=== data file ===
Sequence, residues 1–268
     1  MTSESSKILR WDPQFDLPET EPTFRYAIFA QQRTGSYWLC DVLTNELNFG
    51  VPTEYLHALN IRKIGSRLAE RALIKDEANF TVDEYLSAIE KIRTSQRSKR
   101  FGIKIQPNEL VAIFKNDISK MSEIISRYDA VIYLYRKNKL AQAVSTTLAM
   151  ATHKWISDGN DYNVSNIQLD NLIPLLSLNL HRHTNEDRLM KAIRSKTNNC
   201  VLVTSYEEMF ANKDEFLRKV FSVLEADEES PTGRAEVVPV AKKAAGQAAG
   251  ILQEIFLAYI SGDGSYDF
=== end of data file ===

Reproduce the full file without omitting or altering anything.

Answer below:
Sequence, residues 1–268
     1  MTSESSKILR WDPQFDLPET EPTFRYAIFA QQRTGSYWLC DVLTNELNFG
    51  VPTEYLHALN IRKIGSRLAE RALIKDEANF TVDEYLSAIE KIRTSQRSKR
   101  FGIKIQPNEL VAIFKNDISK MSEIISRYDA VIYLYRKNKL AQAVSTTLAM
   151  ATHKWISDGN DYNVSNIQLD NLIPLLSLNL HRHTNEDRLM KAIRSKTNNC
   201  VLVTSYEEMF ANKDEFLRKV FSVLEADEES PTGRAEVVPV AKKAAGQAAG
   251  ILQEIFLAYI SGDGSYDF